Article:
Table: Apply knowledge of distance-time graphs to show movement of objects

The biggest thing to celebrate about this was simply that I did it, so I would never again have to create my first mastery skill and rubric. I also had two major takeaways that influenced the discussions and decisions my co-teacher Stephanie Iovan and I made for the next school year:

  • Takeaway #1: If the mastery skill only appears in one unit within the course curriculum, you can only assess it during that unit.
  • Takeaway #2: If the mastery skill progresses just like your curriculum (i.e., teaching the skill at the Novice level at the beginning of the unit and at the Professional level at the end of the unit), you will not be able to fully assess the skill until the end of the unit.

Only assessing a skill once, at the end of the unit, corresponds to the “one and done” unit tests that mastery-based learning shifts away from. In later blog posts, I’ll cover how to create skills that can be repeatedly reassessed throughout both a unit and a school year.

Photo of Stephanie Iovan and Ashley Ferrara
Stephanie Iovan and Ashley Ferrara

Stephanie and I really started to make headway the second year, in large part due to what we had learned the first year. I remember a meeting we had over the summer to say, “we can’t do that again,” and really trying to hammer out some consistency between our skills. One thing I’m proud of that we developed was a set of three year-long mastery skills:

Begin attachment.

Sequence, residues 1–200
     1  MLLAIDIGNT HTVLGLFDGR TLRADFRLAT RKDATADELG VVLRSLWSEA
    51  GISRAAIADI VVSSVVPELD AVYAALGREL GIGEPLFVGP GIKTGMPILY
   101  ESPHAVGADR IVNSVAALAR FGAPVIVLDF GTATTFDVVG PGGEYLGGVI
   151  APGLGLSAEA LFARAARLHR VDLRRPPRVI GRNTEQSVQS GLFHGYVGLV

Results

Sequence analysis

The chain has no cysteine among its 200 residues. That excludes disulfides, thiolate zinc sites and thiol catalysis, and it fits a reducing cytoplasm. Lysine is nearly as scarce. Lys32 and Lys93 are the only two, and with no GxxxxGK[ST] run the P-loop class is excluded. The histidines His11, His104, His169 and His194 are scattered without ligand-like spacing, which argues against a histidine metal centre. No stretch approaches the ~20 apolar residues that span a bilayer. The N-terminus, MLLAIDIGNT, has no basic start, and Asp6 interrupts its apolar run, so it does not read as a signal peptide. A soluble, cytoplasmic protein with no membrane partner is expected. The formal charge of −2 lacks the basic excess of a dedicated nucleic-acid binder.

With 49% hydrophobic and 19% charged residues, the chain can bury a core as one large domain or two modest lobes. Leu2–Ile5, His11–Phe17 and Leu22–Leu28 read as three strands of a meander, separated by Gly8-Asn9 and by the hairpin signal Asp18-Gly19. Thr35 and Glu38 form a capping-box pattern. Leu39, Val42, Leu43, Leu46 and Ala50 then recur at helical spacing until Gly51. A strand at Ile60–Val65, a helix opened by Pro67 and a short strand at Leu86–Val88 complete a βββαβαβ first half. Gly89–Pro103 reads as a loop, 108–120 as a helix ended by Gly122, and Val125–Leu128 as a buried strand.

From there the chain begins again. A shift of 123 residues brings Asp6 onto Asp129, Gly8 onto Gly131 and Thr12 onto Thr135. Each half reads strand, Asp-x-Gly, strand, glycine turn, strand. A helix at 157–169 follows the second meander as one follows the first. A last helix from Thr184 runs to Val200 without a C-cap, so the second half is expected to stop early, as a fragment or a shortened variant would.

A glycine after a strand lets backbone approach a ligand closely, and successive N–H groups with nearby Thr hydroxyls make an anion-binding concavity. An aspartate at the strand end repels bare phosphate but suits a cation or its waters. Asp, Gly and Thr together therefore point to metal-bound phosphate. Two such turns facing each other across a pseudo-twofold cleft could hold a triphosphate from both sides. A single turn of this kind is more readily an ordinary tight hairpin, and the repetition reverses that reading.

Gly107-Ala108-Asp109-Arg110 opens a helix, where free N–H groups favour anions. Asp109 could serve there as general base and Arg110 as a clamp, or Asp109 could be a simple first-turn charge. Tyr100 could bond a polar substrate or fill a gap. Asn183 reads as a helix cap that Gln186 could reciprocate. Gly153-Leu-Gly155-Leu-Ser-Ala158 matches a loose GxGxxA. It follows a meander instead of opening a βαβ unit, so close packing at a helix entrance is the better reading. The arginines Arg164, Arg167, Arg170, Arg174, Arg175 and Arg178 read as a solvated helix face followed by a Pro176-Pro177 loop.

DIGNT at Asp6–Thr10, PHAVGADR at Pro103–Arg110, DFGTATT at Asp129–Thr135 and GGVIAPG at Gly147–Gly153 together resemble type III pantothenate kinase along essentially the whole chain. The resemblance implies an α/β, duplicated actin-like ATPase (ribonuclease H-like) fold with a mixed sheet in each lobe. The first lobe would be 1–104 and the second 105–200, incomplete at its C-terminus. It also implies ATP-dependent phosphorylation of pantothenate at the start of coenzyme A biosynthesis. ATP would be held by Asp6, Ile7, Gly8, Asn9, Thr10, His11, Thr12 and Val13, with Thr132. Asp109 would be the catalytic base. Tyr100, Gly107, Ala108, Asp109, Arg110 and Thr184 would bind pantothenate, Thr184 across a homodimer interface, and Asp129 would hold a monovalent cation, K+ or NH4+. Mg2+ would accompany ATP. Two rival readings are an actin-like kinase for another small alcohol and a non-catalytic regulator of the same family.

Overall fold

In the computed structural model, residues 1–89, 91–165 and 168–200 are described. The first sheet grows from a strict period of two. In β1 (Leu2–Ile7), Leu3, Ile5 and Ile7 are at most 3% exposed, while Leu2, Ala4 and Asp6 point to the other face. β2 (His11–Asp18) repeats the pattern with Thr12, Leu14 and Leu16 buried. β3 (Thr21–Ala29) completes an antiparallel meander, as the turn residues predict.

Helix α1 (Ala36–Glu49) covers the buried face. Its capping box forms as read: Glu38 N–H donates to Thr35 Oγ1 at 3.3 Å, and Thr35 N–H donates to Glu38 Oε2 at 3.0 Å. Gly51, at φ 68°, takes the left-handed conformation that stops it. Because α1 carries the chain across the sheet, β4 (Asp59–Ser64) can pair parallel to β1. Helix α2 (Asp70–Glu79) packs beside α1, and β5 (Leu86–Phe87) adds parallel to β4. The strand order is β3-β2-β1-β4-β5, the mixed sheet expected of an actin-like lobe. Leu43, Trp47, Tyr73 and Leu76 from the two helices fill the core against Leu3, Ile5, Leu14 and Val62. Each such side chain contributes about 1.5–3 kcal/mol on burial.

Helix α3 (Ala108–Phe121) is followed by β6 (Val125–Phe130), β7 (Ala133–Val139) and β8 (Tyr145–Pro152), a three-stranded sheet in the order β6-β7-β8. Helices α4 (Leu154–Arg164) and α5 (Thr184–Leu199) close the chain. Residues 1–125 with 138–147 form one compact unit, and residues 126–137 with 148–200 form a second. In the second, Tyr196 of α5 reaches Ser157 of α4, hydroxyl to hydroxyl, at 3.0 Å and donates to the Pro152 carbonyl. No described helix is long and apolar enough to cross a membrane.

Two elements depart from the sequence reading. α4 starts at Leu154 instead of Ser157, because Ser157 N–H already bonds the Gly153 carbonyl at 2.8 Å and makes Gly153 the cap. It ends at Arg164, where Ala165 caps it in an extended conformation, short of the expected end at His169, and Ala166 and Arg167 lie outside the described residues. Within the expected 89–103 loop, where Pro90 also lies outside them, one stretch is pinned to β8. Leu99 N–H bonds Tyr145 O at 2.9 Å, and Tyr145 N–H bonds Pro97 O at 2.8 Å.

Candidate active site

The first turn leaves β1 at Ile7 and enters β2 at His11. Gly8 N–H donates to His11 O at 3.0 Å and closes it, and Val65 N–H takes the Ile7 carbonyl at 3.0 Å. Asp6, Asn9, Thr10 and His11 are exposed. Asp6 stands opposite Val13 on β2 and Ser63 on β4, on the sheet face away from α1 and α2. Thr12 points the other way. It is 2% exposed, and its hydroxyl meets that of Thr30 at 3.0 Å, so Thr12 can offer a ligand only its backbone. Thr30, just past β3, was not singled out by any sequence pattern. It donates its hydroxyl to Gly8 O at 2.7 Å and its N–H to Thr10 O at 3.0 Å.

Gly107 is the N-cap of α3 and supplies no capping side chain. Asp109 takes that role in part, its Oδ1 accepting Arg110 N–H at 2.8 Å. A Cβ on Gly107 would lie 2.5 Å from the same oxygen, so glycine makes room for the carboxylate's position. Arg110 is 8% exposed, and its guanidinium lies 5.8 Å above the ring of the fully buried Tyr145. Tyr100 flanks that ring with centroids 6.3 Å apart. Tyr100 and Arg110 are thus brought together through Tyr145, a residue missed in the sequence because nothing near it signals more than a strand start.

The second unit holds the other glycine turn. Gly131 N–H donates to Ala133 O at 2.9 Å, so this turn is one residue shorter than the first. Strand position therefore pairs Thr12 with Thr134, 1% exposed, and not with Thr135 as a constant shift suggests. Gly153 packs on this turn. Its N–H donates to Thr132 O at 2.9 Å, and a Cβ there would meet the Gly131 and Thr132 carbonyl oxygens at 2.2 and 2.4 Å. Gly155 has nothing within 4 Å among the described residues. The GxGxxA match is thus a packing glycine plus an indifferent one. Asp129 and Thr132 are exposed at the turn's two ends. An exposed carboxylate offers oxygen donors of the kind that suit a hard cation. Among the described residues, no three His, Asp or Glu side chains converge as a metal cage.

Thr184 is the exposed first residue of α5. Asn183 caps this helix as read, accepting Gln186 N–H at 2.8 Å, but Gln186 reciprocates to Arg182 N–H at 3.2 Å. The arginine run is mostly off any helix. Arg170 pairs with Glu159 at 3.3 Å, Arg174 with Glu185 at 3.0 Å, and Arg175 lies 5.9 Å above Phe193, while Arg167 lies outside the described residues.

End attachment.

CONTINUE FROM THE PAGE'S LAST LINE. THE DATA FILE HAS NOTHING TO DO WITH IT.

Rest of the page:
• MS1: I can create the appropriate domain and range given any representation.
  • MS2: I can graph any function (linear, quadratic, exponential, absolute value, piecewise).
  • MS3: I can isolate any variable.

At the time, I was just excited to have something on the page that we could stick with for longer than 72 hours. But in hindsight, this was a really important moment in the mastery journey: we had identified that mathematics repeats itself. You may be saying “duh,” but for us, having come right out of a traditional format where every unit feels completely different from the rest, this was huge. We found a way to create a throughline for our students for the year-long course.

With this, I leave you with your first piece of homework as a teacher thinking about mastery within your classroom: What is your throughline? What big ideas repeat consistently throughout the year? Think big, think little—this is messy stuff! But try to get at least two topics that repeat themselves in your course(s) and write them down. We’ll talk more about identifying patterns and trends in the next post.

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Ashley Ferrara is a founding faculty member at the Academy for Software Engineering (AFSE), a public high school in New York City. She joined AFSE nine years ago and was an Early Career Fellow and Master Teacher with Math for America for seven of those years. After earning a bachelor’s degree in accounting from the University of Connecticut and working with a big-four accounting firm, she earned master’s degrees in mathematics education from Teachers College, Columbia University and educational leadership and administration from Bank Street College of Education. She also graduated from the New York City Department of Education’s Leaders in Education Apprenticeship Program (LEAP).